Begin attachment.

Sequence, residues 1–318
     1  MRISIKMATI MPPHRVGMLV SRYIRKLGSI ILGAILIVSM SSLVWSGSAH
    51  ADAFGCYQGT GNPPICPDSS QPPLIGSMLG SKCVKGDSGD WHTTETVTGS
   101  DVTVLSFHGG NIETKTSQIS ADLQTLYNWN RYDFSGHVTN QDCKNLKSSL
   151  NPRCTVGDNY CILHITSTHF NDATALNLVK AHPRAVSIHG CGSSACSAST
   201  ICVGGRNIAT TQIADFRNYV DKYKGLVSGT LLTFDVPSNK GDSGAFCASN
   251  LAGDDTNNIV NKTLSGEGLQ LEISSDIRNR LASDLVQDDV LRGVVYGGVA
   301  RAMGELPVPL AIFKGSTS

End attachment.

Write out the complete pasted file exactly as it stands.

Sequence, residues 1–318
     1  MRISIKMATI MPPHRVGMLV SRYIRKLGSI ILGAILIVSM SSLVWSGSAH
    51  ADAFGCYQGT GNPPICPDSS QPPLIGSMLG SKCVKGDSGD WHTTETVTGS
   101  DVTVLSFHGG NIETKTSQIS ADLQTLYNWN RYDFSGHVTN QDCKNLKSSL
   151  NPRCTVGDNY CILHITSTHF NDATALNLVK AHPRAVSIHG CGSSACSAST
   201  ICVGGRNIAT TQIADFRNYV DKYKGLVSGT LLTFDVPSNK GDSGAFCASN
   251  LAGDDTNNIV NKTLSGEGLQ LEISSDIRNR LASDLVQDDV LRGVVYGGVA
   301  RAMGELPVPL AIFKGSTS